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Deaths up in Langley from toxic drugs

Seven people have died already in January
RCMP officers help out with a Kimz Angels truck earlier this year. Kim Snow said she’s seen an increase in drug deaths and the amount of Naloxone volunteers are handing out. (Kimz Angels/Special to the Langley Advance Times)

There were more deaths from toxic drugs and overdoses in 2022 than in all but one other year, according to data on the ongoing crisis released by the BC Coroner’s Service this week.

Langley saw 41 deaths due to illicit toxic drugs in 2022, the data showed, and there were already seven more deaths in January.

The only year with more deaths was 2021, when 59 people died in Langley Township. In 2020 and 2017, 37 people died.

A decade ago, between five and 10 people per year were dying of drug toxicity in Langley.

The early months of the year have been bad in Langley, said Kim Snow of Kimz Angels, an outreach group that works with low-income people, seniors, and the homeless.

The group has been giving away more Naloxone, a drug that can save the lives of people in the middle of an opioid overdose, and Snow said she had heard that other local outreach groups, like Stepping Stone and the Lookout Society, were also seeing more demand.

Snow mentioned multiple deaths around town of people she and her agency had worked with.

“Things are getting worse when they’re supposed to be getting better,” Snow said.

Across B.C., 211 people are believed to have died in January.

“Once again, our agency is reporting on preventable losses of life in heart-breaking numbers,” said Lisa Lapointe, chief coroner. “We are nearing the seventh anniversary of the declaration of the public-health emergency into substance-related harms, and the drug-poisoning crisis continues to cost lives and communities at an unprecedented rate. Toxic drugs pose a constant and ever-present danger to anyone who uses drugs. Anyone using any substance purchased on the unregulated illicit drug market is at risk of serious harm or death.”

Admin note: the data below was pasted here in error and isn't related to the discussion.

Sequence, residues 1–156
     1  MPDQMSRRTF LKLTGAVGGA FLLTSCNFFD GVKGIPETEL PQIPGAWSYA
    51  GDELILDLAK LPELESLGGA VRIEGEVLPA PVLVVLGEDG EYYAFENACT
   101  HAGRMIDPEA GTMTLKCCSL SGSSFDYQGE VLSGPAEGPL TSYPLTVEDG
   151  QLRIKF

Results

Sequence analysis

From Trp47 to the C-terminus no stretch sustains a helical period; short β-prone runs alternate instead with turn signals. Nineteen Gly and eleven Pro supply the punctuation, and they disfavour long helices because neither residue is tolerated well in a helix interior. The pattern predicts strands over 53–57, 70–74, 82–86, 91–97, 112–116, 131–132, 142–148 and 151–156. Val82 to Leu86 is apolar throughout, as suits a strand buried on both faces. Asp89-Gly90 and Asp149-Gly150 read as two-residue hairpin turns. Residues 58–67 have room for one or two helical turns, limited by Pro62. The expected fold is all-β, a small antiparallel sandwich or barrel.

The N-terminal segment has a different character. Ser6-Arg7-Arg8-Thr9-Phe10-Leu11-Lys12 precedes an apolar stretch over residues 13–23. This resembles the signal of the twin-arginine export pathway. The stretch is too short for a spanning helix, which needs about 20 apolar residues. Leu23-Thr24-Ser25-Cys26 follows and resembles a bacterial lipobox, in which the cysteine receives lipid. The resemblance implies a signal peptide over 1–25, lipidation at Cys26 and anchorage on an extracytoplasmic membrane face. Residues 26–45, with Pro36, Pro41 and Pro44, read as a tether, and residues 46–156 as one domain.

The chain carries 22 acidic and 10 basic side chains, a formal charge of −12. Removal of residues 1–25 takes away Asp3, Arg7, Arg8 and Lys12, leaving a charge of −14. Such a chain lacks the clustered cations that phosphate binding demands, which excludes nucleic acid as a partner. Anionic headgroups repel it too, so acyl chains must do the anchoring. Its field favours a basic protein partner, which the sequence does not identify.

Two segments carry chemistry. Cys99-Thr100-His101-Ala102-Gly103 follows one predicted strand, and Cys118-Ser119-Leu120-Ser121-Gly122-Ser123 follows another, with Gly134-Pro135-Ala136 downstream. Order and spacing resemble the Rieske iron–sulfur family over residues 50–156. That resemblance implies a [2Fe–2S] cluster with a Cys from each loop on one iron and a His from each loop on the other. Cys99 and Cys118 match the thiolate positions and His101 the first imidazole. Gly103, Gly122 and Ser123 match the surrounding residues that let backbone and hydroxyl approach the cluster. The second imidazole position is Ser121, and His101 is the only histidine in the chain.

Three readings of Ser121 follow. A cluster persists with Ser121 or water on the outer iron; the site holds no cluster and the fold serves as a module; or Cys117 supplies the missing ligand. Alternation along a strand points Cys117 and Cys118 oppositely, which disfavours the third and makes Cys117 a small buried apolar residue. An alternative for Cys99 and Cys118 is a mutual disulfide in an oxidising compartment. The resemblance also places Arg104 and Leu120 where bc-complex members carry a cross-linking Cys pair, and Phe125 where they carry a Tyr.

Health authorities have made repeated attempts to bring the number of drug deaths down. The origin of the spike in deaths was with the sudden prevalence of powerful opioids, including fentanyl, which were being used to spike heroin, cocaine, and other drugs starting seven years ago.

READ ALSO: Langley cannabis firm issues retraction after cocaine firestorm

READ MORE: Nearly 7 British Columbians died a day from toxic drugs in January

The widespread distribution of Naloxone was part of the efforts, as were more resources for street-level outreach teams, such as Langley’s Community Action Team, and education campaigns.

In 2018 and 2019, deaths began to drop somewhat, but the pandemic saw numbers spike again.

As of stats from 2022, fentanyl was still present in more than 84 per cent of samples taken from victims of toxic drug deaths, but methamphetamine had almost doubled in prevalence since 2013, and benzodiazepines, a prescription drug, had shot up and were found in almost a quarter of deaths. Alcohol has also consistently been a factor in about 25 per cent of cases.

The numbers of both men and women dying of toxic drugs has risen since 2013, but far more men than women are dying. In 2023 so far, 77 per cent of victims were men.

The province recently began a new harm reduction policy, in which small amounts of hard drugs have been decriminalized for personal possession.

Selling such drugs remains illegal.

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Kimz Angels trucks. (Kimz Angels/Special to the Langley Advance Times)

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Matthew Claxton

About the Author: Matthew Claxton

Raised in Langley, as a journalist today I focus on local politics, crime and homelessness.
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